Madame Web Review

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Rating: 1.5/5

Synopsis:

Sony’s Spider-Man villainverse continues with Madame Web. Cassie Webb is a paramedic that begins to experience strange events inside of her mind. She seems to see people’s deaths before they happen. When three young women begin appearing in her visions, she must intervene and protect them. Can Cassie stop the man intent on killing the girls and harness her power before it’s too late?

Positives:

I try to go into every movie with a sense of optimism and fairness. Even the poor reviews and “Morbius” comparisons didn’t stop me from giving “Madame Web” a fair shake. I’ll give the film credit in the few areas it succeeds in. The premise of a woman who experiences the future before it happens is already a cool concept. Using that idea to protect those who are incapable of defending themselves is about as heroic as it gets. Although the character of Madame Web is not a hero in the Spider-Man comics, the filmmakers do a decent job of shaping her into a protagonist. I also enjoyed seeing a group of different people working together to overcome a bad situation. There was potential for a unique story that nicely ties into the Spider-Man lore.

Negatives:

“Madame Web” is partly a victim of being in a flawed franchise, but also suffers from some serious incompetence in its production. It’s sad to see characters that exist within the Spider-Man universe be given their own movies that are destined to fail from the get go. Characters like Morbius and Madame Web aren’t meant to be protagonists. They are meant to serve the Spider-Man character as foes. Venom is an exception due to the many comics of his own. So when these characters are stripped back and given a backstory that is uninteresting, it leaves the viewer confused. There are constant teases to Spider-Man that aren’t explicitly stated, but they are meant to be clever nods to the greater lore. I found it to be rather tedious and dull because they never explicitly state which Spider-Man movies these characters belong to. In a perfect world, they would never be introduced to any of the Spider-Man movies because these strange character directions are inexcusable.

Outside of the confusing Spider-Man connections, there are some blatantly obvious missteps in the film’s production. The premise is interesting enough, but nearly every aspect of the film diverges into unintentional silliness. From her Mom’s introduction, to the villain’s motivation, the cringey dialogue, and choppy editing…”Madame Web” struggles to stay together. Each time an action sequence would take place, the quick cuts and fuzzy camera made it hard to distinguish what was going on. The last time I heard so many spouts of unintentionally funny dialogue was probably in “Morbius”. The script was extremely poor and doesn’t service the actors well. Then there’s the acting…which is inconsistent across the board. I won’t single anyone out specifically because this was a collective effort. But I could see this hurting the careers of many involved which is a shame. Logic in the story also goes out the window. I especially thought the Amazonian Spider-people and their strange similarities to Spider-Man were pretty laughable. But seeing Cassie’s connection with them might beat out the silliness of their involvement.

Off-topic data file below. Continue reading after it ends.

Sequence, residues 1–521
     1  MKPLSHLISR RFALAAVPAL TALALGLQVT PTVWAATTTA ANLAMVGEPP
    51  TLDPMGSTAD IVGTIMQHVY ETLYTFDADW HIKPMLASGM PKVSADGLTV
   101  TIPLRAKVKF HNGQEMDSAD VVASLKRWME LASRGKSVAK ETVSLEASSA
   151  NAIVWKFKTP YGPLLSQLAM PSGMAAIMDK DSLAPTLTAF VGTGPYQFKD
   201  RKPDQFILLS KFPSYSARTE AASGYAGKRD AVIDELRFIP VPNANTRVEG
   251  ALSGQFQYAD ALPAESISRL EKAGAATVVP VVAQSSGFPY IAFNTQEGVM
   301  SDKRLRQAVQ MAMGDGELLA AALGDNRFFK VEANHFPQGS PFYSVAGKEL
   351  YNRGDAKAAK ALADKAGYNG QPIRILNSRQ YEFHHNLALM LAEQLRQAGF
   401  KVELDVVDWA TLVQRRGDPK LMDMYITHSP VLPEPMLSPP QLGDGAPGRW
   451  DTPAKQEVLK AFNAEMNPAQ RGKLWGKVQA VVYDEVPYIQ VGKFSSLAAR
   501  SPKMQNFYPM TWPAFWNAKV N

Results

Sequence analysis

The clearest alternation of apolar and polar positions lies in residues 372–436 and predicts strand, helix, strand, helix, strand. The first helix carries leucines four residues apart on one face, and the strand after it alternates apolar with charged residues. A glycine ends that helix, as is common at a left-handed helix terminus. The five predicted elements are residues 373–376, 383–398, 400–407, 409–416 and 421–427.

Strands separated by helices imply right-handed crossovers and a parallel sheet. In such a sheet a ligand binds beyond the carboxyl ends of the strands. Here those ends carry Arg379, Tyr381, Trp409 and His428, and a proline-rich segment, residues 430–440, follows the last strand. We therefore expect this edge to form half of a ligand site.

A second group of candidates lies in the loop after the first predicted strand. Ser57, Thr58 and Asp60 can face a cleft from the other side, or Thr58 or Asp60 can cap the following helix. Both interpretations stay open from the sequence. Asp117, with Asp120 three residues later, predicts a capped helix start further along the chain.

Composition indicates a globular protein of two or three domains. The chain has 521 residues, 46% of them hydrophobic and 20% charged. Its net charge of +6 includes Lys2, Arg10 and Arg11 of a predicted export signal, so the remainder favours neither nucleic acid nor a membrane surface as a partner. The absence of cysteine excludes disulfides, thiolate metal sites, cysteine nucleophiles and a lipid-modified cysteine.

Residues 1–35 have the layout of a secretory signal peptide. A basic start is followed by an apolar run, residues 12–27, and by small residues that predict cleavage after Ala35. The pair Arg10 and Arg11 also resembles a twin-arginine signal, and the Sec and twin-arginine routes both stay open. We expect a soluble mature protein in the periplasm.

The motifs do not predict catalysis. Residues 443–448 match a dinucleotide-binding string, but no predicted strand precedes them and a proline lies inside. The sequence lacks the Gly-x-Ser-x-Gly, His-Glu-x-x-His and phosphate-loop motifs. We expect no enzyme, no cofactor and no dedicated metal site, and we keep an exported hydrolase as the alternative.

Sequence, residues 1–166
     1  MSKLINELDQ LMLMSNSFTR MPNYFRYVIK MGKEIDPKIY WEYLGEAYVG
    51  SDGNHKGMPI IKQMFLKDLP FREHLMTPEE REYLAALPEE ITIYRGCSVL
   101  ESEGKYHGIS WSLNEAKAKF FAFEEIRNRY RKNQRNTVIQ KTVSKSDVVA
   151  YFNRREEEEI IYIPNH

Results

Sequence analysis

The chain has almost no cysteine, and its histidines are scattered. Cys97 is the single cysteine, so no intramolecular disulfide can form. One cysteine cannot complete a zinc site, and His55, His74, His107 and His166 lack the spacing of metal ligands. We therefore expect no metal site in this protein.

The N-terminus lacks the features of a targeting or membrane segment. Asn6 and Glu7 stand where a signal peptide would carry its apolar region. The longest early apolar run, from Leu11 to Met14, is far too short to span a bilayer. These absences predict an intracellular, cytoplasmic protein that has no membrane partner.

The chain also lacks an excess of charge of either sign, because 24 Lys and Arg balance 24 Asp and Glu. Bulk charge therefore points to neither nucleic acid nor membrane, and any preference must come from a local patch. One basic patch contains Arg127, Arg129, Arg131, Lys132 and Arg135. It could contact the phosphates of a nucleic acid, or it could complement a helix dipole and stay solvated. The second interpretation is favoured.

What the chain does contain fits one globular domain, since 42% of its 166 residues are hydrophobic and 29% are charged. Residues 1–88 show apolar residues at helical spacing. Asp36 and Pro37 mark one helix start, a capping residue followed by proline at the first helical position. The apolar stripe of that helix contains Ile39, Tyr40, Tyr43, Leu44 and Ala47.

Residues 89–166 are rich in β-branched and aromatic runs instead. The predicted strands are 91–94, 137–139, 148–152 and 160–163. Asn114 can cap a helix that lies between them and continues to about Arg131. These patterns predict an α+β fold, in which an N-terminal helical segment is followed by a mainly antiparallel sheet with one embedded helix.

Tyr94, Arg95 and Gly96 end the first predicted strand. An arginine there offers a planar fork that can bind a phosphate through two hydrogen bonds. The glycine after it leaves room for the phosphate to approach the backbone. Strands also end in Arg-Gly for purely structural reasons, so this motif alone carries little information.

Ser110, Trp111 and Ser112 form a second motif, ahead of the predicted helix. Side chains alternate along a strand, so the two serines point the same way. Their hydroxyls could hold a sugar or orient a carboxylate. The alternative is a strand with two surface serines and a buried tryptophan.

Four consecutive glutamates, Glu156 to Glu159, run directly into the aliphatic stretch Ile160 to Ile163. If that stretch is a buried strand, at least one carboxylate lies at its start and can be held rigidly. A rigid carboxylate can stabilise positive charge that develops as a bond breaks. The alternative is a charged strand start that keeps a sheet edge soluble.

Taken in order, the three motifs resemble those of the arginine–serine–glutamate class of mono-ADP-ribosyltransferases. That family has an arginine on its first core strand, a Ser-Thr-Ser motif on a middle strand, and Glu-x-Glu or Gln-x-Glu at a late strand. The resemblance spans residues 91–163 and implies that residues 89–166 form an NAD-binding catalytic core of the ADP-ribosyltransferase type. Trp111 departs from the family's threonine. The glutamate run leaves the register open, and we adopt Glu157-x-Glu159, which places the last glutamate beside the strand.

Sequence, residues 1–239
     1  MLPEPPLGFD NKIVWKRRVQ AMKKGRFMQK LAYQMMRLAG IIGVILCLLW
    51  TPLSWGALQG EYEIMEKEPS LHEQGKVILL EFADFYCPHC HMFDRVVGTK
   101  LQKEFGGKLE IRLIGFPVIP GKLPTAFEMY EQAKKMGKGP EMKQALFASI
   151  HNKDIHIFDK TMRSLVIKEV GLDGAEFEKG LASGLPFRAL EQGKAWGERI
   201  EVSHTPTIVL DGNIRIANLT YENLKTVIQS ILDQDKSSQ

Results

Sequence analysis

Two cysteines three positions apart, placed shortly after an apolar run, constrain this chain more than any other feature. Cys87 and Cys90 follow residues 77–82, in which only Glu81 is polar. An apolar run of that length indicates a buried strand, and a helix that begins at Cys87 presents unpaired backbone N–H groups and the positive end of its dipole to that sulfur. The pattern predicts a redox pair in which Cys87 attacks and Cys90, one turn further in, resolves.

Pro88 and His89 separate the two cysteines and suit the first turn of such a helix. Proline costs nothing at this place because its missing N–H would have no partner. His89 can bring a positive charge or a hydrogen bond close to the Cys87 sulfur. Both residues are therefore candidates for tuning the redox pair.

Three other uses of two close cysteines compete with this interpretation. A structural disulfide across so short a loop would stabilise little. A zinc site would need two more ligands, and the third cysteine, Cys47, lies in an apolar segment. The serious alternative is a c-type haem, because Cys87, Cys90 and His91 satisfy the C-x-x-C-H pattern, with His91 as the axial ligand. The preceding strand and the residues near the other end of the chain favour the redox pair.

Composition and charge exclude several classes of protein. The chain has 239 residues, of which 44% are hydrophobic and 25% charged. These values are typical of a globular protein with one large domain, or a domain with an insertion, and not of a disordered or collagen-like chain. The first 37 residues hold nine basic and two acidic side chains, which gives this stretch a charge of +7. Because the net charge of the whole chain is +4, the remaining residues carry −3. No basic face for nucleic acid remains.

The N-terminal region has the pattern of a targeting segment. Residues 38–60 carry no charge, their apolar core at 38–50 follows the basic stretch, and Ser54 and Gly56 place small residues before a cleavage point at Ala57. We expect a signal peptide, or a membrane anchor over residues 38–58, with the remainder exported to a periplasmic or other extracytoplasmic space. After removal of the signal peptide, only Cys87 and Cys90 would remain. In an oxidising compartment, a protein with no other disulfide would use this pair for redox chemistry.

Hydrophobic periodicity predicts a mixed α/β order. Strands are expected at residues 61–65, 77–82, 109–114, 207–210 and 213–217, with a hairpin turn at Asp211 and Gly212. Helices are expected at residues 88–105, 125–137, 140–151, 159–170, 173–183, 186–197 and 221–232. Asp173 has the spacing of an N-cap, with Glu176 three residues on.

But the most unpleasant aspect of the film was the villain’s execution. His motivation is the most surface level of any villain in any film I’ve ever seen. He wants to kill a group of girls who he’s never met due to dreams he had. There’s no explanation as to why they’d want to hurt him nor why he wouldn’t try to figure it out for himself. He is never given a reason as to why he’s having the dreams either. He then riddles off a number of wooden dialogue sequences that are cornier than a daytime TV sitcom. The execution of his character is just ridiculous and incomplete. Not to mention why he’s interested in the precious spiders and how they tie into his goal. We don’t even get an explanation to “what he’s built”, which he never fails to mention every twenty minutes. His dialogue also looks like it was recorded in a studio after the film was shot, so when the actor speaks the dialogue he’s saying doesn’t match the mouth movements. Woof, this villain is memorable for all the wrong reasons. 

Conclusion:

“Madame Web” is an unfortunate mess that is a product of so many strange decisions. Sony’s decision to continue this villainverse is wearing thin with fans and continues to prove that they aren’t characters meant to have their own movies. They are meant to serve as side characters to Spider-Man. But to produce a film that seems to have been reworked, hocked up, and milked to such a degree is insulting to people spending their money to come out and see a movie in theaters. If it’s not evident that I’d deter anyone from spending their time and money on this film…don’t. It’s sad to see a movie go so low. I feel bad for any repercussions those involved may have in their future film endeavors. After all, it’s hard to make a film these days and I sympathize for anyone who worked hard on this one. I encourage other superhero franchises to reevaluate how fans perceive them and the longevity that mistakes like this have on the legacy of those characters.